Have yourself a merry little Festivus

And let the airing of grievances begin!


Joyce Millman
December 12, 2000 12:13AM (UTC)

Can you believe Festivus is almost here? Where has the year gone?

As some of you know, Festivus -- celebrated on Dec. 23 -- is the holiest day in the "Seinfeld" religion. And we're not talking about Judaism. Festivus was started by Frank Costanza, George's irritable father, as a protest against the commercialization of Christmas, and was first explained in the episode called "The Strike" (Dec. 18, 1997):

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Frank: Many Christmases ago, I went to buy a doll for my son. I reached for the last one they had -- but so did another man. As I rained blows upon him, I realized there had to be another way.
Kramer: What happened to the doll?
Frank: It was destroyed. But out of that, a new holiday was born -- a Festivus for the rest of us!

Christmas has the tree. Chanukah has the menorah. Festivus has the pole, which, according to Frank, must be tall, skinny, aluminum and devoid of tinsel (too distracting) and have a very high strength-to-weight ratio. On the evening of Festivus, Frank presides over the traditional "airing of grievances," in which family members share all the ways they have disappointed one another over the past year. And then it's time for Frank to show George who's boss by challenging him to "the feats of strength."

In the spirit of Festivus, I now air my own, somewhat TV-related, grievances. As Frank put it so eloquently in that immortal "Seinfeld" episode three Festivuses ago, "I got a lot of problems with you people! And now you're gonna hear about it!"

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Ben & Jerry's Special Edition Festivus ice cream. Weren't those ice cream makers listening when Frank set down the basic tenets of Festivus? No commercialism. No frills. No tinsel. And certainly no cinnamon and brown sugar ice cream laced with gingerbread cookie bits! Festivus shouldn't be treated like some flavor of the month! And would it have killed them to put some chocolate in it?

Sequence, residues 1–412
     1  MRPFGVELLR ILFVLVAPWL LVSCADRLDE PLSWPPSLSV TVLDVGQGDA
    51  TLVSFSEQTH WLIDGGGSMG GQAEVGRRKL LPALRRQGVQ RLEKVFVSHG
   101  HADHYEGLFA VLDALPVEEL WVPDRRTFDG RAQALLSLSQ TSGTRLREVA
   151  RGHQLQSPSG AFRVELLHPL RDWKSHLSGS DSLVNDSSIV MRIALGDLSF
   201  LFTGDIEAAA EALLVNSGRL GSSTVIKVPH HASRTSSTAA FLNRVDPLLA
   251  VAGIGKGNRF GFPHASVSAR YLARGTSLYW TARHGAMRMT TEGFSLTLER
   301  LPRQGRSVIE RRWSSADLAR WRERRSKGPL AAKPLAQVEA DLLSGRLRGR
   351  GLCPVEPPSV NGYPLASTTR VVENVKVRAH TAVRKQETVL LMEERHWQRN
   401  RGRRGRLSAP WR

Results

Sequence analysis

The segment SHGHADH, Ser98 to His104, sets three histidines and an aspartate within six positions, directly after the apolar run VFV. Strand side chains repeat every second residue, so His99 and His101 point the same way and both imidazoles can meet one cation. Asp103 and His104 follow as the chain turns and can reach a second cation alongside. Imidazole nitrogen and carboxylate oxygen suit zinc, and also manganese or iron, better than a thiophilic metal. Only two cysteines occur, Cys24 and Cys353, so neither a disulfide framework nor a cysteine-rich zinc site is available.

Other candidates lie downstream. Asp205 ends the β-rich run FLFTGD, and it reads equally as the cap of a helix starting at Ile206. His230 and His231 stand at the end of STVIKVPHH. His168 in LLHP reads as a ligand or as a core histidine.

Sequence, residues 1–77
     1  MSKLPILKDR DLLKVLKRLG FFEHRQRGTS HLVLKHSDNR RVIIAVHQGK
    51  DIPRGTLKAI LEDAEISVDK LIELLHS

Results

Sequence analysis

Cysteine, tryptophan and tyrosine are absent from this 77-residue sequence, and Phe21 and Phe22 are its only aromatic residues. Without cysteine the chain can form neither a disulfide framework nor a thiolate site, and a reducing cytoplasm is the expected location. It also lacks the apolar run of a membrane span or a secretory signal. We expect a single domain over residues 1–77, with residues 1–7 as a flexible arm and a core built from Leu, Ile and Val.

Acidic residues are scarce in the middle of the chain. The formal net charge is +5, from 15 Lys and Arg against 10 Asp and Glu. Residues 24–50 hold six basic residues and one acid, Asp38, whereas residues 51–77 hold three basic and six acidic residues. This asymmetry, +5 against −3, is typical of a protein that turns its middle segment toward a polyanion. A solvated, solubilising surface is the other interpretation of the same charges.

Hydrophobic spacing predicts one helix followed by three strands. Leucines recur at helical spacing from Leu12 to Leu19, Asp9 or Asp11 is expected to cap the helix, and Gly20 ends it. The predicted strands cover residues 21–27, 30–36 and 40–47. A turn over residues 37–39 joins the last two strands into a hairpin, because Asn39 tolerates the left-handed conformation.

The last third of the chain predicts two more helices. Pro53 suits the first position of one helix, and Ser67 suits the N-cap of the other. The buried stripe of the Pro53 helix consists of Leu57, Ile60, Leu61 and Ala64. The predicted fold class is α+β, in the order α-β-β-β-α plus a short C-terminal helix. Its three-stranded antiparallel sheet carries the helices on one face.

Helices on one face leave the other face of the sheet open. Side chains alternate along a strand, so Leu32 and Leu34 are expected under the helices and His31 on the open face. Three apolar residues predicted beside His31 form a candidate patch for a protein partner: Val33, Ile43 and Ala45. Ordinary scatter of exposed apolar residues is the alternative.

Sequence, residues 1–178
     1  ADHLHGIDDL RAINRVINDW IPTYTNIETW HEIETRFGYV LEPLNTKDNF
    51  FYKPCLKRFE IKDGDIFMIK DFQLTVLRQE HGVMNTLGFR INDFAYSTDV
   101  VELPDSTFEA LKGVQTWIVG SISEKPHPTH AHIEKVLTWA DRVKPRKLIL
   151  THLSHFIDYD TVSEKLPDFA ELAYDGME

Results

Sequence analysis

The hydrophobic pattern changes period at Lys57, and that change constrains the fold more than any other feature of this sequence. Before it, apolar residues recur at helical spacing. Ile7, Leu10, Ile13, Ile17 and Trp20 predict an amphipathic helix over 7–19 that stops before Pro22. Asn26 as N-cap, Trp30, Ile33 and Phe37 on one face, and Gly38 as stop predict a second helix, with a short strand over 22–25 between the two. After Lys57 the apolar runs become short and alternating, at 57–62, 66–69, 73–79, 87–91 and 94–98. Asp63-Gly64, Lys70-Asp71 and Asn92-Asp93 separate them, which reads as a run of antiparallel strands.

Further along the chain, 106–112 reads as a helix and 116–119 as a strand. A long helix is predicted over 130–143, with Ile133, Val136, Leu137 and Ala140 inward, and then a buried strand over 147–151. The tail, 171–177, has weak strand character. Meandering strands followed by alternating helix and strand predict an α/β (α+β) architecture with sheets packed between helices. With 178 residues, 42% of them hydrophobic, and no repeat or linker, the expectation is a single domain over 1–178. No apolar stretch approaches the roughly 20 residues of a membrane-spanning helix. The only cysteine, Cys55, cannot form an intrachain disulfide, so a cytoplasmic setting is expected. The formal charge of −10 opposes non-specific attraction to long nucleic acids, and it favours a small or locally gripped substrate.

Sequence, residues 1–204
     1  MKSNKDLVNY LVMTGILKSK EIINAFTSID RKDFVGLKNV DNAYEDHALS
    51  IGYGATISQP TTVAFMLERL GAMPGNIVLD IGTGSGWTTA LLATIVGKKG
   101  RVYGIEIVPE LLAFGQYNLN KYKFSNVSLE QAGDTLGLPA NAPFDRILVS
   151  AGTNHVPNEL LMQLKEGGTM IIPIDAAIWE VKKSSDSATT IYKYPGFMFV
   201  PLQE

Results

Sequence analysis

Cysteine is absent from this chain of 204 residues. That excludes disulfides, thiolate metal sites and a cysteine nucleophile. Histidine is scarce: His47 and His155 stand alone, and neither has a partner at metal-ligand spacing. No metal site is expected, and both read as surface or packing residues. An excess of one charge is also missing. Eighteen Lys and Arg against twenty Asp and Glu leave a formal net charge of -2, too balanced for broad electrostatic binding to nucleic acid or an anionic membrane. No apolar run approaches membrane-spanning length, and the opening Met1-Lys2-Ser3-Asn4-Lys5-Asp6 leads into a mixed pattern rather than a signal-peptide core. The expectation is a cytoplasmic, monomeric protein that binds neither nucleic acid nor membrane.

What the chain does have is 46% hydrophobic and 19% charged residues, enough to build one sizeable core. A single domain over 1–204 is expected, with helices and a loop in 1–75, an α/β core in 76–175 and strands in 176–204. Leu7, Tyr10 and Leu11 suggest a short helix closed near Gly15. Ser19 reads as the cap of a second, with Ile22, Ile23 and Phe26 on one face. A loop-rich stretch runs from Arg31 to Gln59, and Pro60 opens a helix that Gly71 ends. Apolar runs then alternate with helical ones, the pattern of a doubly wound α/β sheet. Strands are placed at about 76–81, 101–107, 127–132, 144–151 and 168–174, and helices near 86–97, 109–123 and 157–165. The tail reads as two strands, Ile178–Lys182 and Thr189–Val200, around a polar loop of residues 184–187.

Republicans. Don't get me started. They staged a third world coup, but in the tons of hot air that has emanated from the TV since Nov. 7, nobody has been allowed to make that point. Instead, MSNBC's idea of "balanced" coverage is Chris Matthews spraying spittle and invective all over some poor Democratic schmuck, whom you can't even hear anyway over Matthews' bull-elephant bellowing. And then there's the Fox News Channel ("We distort -- you decide"), but, like I said, don't get me started.

Hillary was right -- there is a vast right-wing conspiracy! And it's even infiltrating the White House -- President Bartlet's White House. Why, oh why, did Aaron Sorkin have to go and wreck the cozy liberal Democratic fantasy that is "The West Wing" by adding that prissy blond Republican babe to the cast and having her flit around with her pert nose in the air, scolding Democrats for being "elitist"? Oh, wait -- she's going to end up in bed with Rob Lowe, isn't she? Tee-hee. Never mind.

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Regis Philbin's female trouble. He's so desperate to have a female win big on "Who Wants to Be a Millionaire," he has started to give the women contestants hints. Really! Haven't you noticed how his whole body language changes when there's a woman in the hot seat? He leans forward and coddles her, coaxing her to talk about her choices to the point where he's leading her by the hand. Stop it, Regis! It's not your fault that women suck at this game. A female contestant can't win if she can't get into the hot seat, and women can't seem to buzz in fast enough to qualify in the fastest-finger round -- probably because we haven't had enough reflex-honing practice sitting around in our underwear playing Nintendo for hours.

Still, that's no excuse for the embarrassing performance of many of the women who do make it into the hot seat. Unlike the gutsier male players, women play the game too cautiously, blowing their lifelines on answers they think they know but, oh gee, they're not 110 percent sure they know. Or they crap out on the baby questions because they've been living in a cave for their whole frickin' lives! Take the contestant who had to use a lifeline on the $200 question "Buddy, can you spare a (blank)?" And then she stared at the $300 question ("Where would you find a tome?") for hours -- until she answered "hardware store." There's no excuse for that, no excuse at all. We just suck.